The Longest Hike

If you want to listen to the audio version of this post, you can do so HERE.

If there is one thing I have learned in my years thus far on this Earth it is that sometimes you need to disconnect to reconnect with yourself. It is important to take the time to do things that bring you peace, happiness, and help you grow as a person; that is why I like to hike.

Hiking to me is an activity that can calm you down, bring you excitement, provide your body with a workout, and bring you the most breath-taking views.

For these reasons and to destress, in October 2020 I went on a hiking trip with my dad. It was a special time to get away just the two of us and to do something that we had never really done together, hiking.

We decided to go hiking at Grand Portage State Park, which is on the border between North Eastern Minnesota and Canada. We didn’t know exactly what we were getting ourselves into, but we knew that we would come out of this experience with stories to tell and memories of our special trip together. We were not disappointed.

The day we went on this particular hike, the sky was clear as we watched a tangerine sun brighten the sky. As the day went on the clear skies turned to grey. To avoid the rain that was evident from the clouds now present in the midmorning sky, we thought we would just do a quick hike to see a waterfall about a half mile from the park office, but after seeing the first waterfall I decided that I wanted to venture further into the forest. I needed to be in the trees and to go see the waterfall in the midst of the lush pines. Plus, it wasn’t raining that hard; I mean how rainy could it really get? I should’ve laughed at that thought right then.

My dad (reluctantly) agreed to go on an adventure with me into the forest. We decided if we came here to hike, we may as well hike. As we started to make our way into the forest, we realized we were all alone in the trees; this was probably because other people checked the weather forecast and saw what was going to come, and that the “colorful fall trees” were actually mostly bare. You could hear the sounds of nature and nothing else. The rain was trickling off the leaves left behind on trees and bringing the scent of the forest in autumn with it to the ground. I have never smelled anything so heavenly in my life. The way the white pines smelled, almost like a faint cologne, mixed with wet leaves and damp earth is something I will hold on to forever.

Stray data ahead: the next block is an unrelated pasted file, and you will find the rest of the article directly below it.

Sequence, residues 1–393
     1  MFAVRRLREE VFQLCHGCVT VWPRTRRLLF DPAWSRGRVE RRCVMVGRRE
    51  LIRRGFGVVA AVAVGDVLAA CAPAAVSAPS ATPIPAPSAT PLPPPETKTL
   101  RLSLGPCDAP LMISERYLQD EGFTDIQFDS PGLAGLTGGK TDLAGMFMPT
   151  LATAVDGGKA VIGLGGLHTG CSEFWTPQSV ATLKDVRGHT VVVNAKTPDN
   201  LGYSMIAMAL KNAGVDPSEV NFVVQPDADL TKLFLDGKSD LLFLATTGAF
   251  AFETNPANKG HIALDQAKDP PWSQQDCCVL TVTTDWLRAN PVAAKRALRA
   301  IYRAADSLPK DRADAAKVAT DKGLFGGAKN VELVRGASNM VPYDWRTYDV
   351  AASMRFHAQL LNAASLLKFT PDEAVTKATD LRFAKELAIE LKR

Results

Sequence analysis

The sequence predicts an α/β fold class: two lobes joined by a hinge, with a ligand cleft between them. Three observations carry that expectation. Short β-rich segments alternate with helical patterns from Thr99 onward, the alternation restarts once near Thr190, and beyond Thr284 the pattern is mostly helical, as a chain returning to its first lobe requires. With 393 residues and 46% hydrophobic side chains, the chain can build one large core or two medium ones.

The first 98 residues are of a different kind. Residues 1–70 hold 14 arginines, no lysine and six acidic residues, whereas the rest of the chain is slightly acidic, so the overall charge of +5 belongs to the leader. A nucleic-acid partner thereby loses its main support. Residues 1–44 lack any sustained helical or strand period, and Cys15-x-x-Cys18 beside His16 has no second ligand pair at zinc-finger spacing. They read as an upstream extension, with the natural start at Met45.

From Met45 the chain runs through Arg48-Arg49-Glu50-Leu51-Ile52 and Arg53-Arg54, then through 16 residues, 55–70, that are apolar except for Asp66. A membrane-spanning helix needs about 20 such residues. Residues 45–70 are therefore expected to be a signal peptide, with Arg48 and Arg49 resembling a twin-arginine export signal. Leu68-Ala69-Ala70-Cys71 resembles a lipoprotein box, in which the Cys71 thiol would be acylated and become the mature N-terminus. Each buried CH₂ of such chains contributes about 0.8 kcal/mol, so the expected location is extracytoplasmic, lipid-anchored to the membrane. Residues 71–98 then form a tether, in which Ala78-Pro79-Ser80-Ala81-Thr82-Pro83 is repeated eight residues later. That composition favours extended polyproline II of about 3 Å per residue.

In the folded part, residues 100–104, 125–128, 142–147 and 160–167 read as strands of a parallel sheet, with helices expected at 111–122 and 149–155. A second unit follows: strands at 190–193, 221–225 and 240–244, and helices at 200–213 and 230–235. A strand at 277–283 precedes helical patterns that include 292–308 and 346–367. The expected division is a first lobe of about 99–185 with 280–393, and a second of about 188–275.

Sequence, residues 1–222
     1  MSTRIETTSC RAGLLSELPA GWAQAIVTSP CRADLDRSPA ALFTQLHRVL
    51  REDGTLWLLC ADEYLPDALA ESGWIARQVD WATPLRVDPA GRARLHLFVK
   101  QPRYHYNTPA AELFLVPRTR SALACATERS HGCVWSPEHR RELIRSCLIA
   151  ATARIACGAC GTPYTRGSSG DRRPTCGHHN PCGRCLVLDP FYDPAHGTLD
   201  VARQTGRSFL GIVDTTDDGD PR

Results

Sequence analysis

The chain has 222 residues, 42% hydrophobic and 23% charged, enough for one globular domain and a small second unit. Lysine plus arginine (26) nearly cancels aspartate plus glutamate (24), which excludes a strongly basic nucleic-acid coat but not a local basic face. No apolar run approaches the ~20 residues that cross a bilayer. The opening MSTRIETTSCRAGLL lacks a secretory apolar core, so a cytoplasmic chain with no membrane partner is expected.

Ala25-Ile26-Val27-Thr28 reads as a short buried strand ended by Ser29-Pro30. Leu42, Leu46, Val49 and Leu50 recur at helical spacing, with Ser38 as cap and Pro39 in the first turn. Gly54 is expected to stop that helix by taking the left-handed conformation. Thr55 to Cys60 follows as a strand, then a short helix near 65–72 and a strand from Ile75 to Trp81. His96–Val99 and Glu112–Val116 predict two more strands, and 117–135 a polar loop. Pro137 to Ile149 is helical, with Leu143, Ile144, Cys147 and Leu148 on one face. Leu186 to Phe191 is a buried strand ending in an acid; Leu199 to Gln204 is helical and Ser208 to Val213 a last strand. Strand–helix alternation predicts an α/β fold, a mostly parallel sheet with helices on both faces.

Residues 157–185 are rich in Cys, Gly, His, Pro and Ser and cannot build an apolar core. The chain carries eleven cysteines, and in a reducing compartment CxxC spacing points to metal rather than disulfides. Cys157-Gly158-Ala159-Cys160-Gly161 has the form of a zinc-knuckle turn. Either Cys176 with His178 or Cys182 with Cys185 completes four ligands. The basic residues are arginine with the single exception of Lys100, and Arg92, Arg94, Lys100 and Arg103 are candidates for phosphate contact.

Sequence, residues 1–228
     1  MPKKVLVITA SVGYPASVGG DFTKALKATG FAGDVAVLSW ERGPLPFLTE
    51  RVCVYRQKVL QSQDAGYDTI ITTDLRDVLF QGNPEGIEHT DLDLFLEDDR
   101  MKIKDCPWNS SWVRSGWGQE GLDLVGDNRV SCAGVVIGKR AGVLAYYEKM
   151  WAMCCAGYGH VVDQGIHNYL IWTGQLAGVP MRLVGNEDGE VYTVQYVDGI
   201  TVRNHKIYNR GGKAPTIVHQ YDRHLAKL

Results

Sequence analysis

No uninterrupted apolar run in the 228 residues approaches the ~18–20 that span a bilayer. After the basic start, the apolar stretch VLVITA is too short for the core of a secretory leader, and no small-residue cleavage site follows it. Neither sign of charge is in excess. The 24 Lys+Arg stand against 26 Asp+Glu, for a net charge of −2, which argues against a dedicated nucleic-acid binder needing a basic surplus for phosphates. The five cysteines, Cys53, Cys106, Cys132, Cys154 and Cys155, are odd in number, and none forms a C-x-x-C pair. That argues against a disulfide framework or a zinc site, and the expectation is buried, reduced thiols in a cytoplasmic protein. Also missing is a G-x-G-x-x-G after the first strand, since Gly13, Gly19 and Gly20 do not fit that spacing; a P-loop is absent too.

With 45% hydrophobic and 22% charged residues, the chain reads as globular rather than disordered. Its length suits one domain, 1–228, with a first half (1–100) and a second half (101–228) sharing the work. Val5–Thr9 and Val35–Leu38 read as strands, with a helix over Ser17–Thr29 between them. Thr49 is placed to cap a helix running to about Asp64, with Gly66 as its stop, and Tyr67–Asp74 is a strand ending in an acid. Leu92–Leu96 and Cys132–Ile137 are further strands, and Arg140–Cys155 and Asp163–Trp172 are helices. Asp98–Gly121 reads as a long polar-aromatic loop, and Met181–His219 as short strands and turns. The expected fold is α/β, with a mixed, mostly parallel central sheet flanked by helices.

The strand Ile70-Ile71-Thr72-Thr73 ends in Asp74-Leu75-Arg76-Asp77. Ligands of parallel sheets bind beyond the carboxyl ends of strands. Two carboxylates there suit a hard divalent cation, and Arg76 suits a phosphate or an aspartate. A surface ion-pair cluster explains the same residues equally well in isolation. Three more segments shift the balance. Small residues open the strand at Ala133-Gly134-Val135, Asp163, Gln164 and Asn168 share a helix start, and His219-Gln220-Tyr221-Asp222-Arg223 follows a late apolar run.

Somewhere in the trees on one of the many hills we went down.

The trail through the forest was full of tree roots that were slick with rain, really great ankle breakers, which is why I was happy the majority of the gorgeous leaves lacking chlorophyll had fallen to the ground so I could look at them while also watching where I was walking. At first glance, someone maybe would’ve thought the bare trees weren’t so pretty, but I looked at them as real heroes for allowing me to look down because I definitely would’ve broken an ankle if I had been looking up.

I remember reaching the halfway point after climbing up a steep hill that required grasping on to tree roots to scale. I kind of left my dad to fend for himself on this steep incline because I was distracted by the area of flat land, a clearing really, I had now reached. It looked out at Lake Superior (Lake Superior can be confused with the ocean in my opinion) where there was no land to be seen, other than a few pieces of land jutting out from the shore. All I saw was a great body of water engulfed by an immensely overcast sky caused by the rain. It took my breath away. I knew I was wet, and I didn’t know what could lie ahead, but I knew I needed to continue on the journey to get to the waterfall.

This is what I saw when we reached the clearing.